Although Bolton did not announce new sanctions for Nicaragua in his Florida speech, he did say that unless President Daniel Ortega’s government holds “free, fair, and early elections,” it “will feel the full weight of America’s robust sanctions regime.” At present, the U.S. has sanctioned three Nicaraguan officials on human rights and corruption charges and revoked an unknown number of visas. After months of violently suppressing street protests—resulting in the deaths of more than 300 people since April—the Ortega regime has stabilized and retrenched. A new slate of punitive sanctions targeting Ortega’s family, his inner circle, and the military, combined with efforts to embolden the private sector to pressure Ortega for early elections, could once again enhance chances for a resolution to that crisis.

On Cuba, Bolton said that in the coming days, the administration will add to its list of people and companies barred from any financial transactions with U.S. citizens more than two dozen additional entities controlled by the Cuban military and intelligence. “The Venezuelan regime’s repression is of course enabled by the Cuban dictatorship,” he said. “The United States calls on all nations in the region to face this obvious truth, and let the Cuban regime know that it will be held responsible for the continued oppression in Venezuela.” (The list itself was created by the administration a year ago in response to those services controlling almost all of the Cuban tourist sector profiting from liberalized U.S. travel under President Barack Obama.)

In increasing the pressure on Venezuela, Nicaragua, and Cuba, the Trump administration cannot and should not go it alone. Any effort will likely be futile if other countries are not part of the plan. A strong diplomatic component—rallying more regional countries to add to existing sanctions against corrupt officials and human rights abusers—should accompany this strategy.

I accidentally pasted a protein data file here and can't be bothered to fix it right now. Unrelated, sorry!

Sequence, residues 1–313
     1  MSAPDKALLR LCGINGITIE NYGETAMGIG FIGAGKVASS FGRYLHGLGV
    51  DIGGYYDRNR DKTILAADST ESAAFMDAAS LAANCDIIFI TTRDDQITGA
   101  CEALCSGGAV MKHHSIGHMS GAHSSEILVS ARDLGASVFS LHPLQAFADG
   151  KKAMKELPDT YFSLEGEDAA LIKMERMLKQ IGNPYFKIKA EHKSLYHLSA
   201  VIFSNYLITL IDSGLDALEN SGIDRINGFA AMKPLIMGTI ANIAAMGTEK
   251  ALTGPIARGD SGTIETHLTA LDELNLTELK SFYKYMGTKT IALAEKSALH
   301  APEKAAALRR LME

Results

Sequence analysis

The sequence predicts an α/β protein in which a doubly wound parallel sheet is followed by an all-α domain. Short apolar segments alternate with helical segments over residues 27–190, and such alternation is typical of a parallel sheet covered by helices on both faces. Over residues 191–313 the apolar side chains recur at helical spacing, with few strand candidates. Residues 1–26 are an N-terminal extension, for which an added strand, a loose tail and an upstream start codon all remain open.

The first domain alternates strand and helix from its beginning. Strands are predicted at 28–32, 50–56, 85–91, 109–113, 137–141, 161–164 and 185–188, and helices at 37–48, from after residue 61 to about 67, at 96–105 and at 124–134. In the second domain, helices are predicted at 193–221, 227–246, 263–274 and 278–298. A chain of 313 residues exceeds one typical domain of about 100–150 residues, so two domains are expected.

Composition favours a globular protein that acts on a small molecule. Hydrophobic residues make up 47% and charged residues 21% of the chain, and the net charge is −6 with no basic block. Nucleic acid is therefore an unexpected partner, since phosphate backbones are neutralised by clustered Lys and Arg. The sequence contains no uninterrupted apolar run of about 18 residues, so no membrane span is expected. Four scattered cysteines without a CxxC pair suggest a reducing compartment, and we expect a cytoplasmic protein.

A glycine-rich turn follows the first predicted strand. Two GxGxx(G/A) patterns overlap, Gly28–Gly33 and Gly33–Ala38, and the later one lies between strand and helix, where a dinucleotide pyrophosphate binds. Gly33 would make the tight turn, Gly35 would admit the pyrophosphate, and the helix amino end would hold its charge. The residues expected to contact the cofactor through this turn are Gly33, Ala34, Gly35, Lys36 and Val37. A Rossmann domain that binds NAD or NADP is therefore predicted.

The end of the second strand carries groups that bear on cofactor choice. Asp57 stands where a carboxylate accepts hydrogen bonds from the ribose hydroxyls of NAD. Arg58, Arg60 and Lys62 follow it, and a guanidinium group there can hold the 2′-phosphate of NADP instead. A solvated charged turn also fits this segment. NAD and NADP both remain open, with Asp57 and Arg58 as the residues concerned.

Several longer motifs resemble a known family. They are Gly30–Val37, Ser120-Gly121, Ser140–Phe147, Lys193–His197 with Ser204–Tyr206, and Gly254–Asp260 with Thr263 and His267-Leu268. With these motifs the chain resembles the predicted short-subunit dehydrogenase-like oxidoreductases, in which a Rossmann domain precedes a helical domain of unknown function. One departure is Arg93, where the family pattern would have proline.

But confronting rogues should not be seen as the sum total of U.S. policy in the Western Hemisphere. There is also an important relationship with Mexico (which has just elected its own outsider president) to be maintained, and the Trump administration will also have to decide how to engage with Brazil’s incoming far-right government led by Jair Bolsonaro, the implications of which for U.S. interests remain uncertain. The United States must also keep us its relationship with Colombia (which is struggling to manage the fallout from its recent peace agreement with the FARC), and then there is the brutal violence in Central America that is driving so many citizens there to flee north. All these will require high-level attention and a deft diplomatic touch amid so much unpredictability.

The positive news is that the Trump administration finally has a hemispheric team in place. The challenge remains to execute Bolton’s aggressive policy proposals successfully.

José R. Cárdenas was acting assistant administrator for Latin America at the U.S. Agency for International Development in the George W. Bush administration.